Reminder: Preserve Purchase Paperwork
Here's one last tip, suggested by reader "rjrjj" in his comment on yesterday's post, before this blog takes a few days off for Christmas week.
Many of the services attached to a tech purchase, such as the warranty, any available rebates, a merchant or credit card's price-protection policy, require you to keep some documents. You don't need to preserve every form of paper attached to the item, but you should hang onto the more important bits of documentation:
* the receipt from the original purchase
* the packing slip that came with the delivery
* the bar code from the package.
You can regenerate some of these easily -- for example, purchase receipts aren't hard to get new copies of -- but others can be more difficult to get back. Stick them all in a folder, and you won't have to worry about tracking them down months later. If your receipts come in e-mail, stick them all in their own folder (or tag them with their own Gmail label) so you don't have to read through 100 other Amazon.com messages to find them.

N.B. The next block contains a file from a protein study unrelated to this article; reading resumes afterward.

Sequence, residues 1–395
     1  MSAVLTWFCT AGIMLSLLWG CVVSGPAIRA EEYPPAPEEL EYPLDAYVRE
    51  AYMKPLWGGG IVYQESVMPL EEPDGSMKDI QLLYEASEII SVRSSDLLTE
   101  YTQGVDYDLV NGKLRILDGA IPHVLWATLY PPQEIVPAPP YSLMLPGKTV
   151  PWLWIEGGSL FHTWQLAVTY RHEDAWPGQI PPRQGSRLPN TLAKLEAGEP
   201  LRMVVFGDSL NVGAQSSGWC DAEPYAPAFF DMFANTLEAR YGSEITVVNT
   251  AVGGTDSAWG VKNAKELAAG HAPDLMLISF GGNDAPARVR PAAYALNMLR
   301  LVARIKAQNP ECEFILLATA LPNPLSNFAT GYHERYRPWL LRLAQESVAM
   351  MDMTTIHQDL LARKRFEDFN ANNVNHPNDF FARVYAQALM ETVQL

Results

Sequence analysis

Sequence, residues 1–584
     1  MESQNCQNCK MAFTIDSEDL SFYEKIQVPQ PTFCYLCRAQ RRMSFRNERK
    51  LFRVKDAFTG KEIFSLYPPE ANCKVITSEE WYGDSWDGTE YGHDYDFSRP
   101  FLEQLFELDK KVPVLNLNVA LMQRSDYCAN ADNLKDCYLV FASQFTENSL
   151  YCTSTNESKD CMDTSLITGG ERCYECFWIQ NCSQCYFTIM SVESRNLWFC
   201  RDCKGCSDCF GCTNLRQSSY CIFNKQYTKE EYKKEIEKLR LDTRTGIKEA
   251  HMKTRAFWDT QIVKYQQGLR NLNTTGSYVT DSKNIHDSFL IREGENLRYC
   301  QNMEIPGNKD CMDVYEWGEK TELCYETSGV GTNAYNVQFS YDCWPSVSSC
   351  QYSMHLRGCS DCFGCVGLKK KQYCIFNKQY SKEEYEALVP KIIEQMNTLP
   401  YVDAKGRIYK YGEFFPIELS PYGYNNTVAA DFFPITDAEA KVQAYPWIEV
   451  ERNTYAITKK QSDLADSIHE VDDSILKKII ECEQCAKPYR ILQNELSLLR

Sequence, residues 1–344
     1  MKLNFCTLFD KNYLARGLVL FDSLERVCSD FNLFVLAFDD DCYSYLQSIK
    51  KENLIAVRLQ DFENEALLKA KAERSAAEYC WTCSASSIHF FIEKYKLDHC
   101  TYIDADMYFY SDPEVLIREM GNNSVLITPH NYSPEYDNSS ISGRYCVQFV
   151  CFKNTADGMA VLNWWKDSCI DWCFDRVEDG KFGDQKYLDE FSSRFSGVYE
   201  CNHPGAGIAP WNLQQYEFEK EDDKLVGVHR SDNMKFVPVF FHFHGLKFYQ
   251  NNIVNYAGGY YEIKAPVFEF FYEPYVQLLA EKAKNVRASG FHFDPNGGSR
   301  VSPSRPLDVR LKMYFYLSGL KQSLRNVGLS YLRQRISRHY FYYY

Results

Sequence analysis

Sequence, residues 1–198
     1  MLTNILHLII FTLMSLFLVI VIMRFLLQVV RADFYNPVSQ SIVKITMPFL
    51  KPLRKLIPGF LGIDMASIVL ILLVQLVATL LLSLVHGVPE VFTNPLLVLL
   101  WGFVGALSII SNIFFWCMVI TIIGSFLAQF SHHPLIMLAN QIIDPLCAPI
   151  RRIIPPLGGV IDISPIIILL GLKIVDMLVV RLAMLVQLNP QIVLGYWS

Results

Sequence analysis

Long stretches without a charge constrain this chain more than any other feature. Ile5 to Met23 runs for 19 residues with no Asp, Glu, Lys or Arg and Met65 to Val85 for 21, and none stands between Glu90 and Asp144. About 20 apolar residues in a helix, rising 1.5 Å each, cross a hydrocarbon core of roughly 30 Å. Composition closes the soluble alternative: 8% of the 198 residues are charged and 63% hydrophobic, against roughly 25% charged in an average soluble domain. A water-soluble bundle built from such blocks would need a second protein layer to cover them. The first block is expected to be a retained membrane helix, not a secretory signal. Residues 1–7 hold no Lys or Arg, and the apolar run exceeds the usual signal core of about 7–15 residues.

I am assuming here that the company offering these post-purchase services will hold up its end of the deal. I've been pretty lucky with that; although Amazon once denied a rebate years ago because I'd lost the packing slip, every other rebate I've requested has come through (sometimes within weeks, sometimes months later and only after some nagging on my part). Most recently, American Express's "buyer's assurance" policy covered the cost of replacing the hard drive on my mother-in-law's laptop (thanks, AmEx!).
If you've got any other tips for expediting a rebate, a warranty claim or a refund after you've bought the thing, please share them in the comments.
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